Monday, April 29, 2019

A Note on Notre Dame

Artist's conception on what buttresses
would have looked like early on.
On 15 April, 2019, a fire ravaged Notre Dame Cathedral in Paris. There was no question that re-building was necessary. The important question, however, was how it should be re-built? Should they use recent 3D scans of the structure to restore it to the same look as just before the fire? Or should it be altered to reflect current culture? After all, all buildings are a reflection of their times. Even without the benefit of a class in architecture, we can tell if a building is "old" as in outdated or "old" as in historic or antique.

So how should Notre Dame be rebuilt? Re-designed for a new age? Or restored to an earlier version; if so, which version? Because it hasn't always looked the way it did on 14 April, 2019.

Before it was Notre Dame, the site (rather, right next to it) in the 7th century held an Early Christian basilica dedicated to St. Stephen. There is evidence that a church had existed there since the 4th century, but we are not certain if St. Stephen's was that church, or if it replaced the earlier building. It was 230 feet long—large for that time. This building was renovated in 857 and became a cathedral; that is, the residence of a bishop. After that, a Romanesque-style renovation and enlargement took place; even that was soon deemed too small, given the speed with which Paris was growing.

In 1160, therefore, Bishop Maurice de Sully decided to demolish the Romanesque structure, recycling the stone for his plan of a cathedral in the Gothic style. This new style had already been put into service in St.-Denis, and de Sully was keen on it. The cornerstone was laid 25 April, 1163, but the cathedral was not completed until many decades later, after several phases.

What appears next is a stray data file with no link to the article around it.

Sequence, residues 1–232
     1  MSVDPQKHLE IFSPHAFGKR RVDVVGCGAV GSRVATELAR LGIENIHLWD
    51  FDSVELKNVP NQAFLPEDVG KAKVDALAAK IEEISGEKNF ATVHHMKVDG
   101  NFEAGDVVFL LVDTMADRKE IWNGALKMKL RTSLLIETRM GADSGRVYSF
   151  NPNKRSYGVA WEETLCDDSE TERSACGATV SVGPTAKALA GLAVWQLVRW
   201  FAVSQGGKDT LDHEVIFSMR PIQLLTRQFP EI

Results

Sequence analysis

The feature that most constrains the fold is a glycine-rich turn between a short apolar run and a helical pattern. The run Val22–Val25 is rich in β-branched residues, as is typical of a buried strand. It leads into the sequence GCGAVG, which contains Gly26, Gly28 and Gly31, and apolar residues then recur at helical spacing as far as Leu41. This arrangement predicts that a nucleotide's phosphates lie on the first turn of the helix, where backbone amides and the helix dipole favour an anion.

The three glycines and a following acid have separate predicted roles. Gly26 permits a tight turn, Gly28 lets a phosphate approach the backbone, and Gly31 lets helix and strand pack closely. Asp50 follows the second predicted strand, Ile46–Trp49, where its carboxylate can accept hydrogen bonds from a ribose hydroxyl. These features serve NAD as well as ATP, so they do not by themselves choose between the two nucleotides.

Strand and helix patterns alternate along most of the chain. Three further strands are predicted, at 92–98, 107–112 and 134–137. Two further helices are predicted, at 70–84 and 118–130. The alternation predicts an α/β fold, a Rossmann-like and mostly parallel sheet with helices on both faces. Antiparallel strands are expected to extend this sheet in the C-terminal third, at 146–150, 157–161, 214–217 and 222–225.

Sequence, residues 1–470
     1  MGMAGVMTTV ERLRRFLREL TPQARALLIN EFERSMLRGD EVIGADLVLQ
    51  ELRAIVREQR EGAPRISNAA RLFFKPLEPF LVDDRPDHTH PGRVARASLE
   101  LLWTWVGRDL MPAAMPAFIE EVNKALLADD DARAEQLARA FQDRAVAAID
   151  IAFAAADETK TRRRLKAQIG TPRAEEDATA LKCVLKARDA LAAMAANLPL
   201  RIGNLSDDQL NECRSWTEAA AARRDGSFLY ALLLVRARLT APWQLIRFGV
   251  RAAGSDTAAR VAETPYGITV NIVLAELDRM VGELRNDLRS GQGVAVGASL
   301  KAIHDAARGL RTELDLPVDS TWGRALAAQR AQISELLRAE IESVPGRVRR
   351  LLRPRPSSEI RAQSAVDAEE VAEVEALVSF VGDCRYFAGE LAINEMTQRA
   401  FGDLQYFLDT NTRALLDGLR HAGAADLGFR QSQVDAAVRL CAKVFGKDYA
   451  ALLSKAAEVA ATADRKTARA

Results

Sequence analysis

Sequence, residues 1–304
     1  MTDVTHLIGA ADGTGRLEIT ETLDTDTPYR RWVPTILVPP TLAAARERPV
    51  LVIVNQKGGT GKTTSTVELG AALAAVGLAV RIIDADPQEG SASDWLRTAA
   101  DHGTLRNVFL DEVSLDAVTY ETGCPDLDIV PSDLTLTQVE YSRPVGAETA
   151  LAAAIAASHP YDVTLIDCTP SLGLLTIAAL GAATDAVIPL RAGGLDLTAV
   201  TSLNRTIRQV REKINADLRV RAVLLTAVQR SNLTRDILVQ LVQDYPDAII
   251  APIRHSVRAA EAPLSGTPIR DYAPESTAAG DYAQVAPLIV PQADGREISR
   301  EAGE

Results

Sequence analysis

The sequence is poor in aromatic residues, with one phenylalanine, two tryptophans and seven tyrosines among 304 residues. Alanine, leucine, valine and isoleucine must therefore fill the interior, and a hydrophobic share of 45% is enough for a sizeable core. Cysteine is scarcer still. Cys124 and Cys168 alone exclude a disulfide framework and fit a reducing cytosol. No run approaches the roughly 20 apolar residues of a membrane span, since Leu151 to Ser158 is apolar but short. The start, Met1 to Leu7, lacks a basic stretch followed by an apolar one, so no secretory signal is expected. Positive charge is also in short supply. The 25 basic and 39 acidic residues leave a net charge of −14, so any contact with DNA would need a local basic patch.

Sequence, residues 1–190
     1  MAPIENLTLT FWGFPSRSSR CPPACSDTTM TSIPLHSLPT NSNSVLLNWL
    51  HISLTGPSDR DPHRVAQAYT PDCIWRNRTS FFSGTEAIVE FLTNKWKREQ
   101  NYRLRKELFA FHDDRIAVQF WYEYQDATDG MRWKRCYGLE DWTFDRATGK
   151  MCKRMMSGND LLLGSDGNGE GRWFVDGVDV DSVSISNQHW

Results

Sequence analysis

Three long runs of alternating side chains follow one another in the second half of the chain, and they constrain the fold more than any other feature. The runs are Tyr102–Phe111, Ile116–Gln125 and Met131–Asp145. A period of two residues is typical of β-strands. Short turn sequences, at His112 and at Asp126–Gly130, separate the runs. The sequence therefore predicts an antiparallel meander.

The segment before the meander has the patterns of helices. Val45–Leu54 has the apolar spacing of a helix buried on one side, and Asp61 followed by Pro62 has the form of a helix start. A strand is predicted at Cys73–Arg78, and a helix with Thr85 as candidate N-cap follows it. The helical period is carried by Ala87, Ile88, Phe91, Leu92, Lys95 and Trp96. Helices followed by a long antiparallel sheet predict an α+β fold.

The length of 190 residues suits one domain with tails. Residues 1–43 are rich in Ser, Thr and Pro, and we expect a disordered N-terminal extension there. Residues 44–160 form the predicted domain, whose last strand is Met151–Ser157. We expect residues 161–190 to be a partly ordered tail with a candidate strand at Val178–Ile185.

Even so, the new cathedral's transepts were already being remodeled in the mid-1200s, and separately in 1240 the north transept received a gabled portal with a rose window. The flying buttresses were not part of the original plan, being added in the 1200s. They were replaced with larger ones a hundred years later.

1699 saw the decision by King Louis XIV to make extensive modifications. The French Revolution claimed Notre Dame for the public, and removed much of its artwork. In 1801 Napoleon returned it to the Catholic Church, which then began restoration. By 1831, it was in such need of repair that Victor Hugo wrote a novel, now called The Hunchback of Notre Dame, to raise interest and funds for the restoration.

The building has always been changing, and will again. What it looks like after the next round of restoration will be eagerly awaited (and no doubt criticized).

Even before the basilica to St. Stephen, however, there was a pagan temple on the site. There is no record of this; its existence has been extrapolated from a single sculptural find connected with Notre Dame. I'll tell you about it tomorrow.

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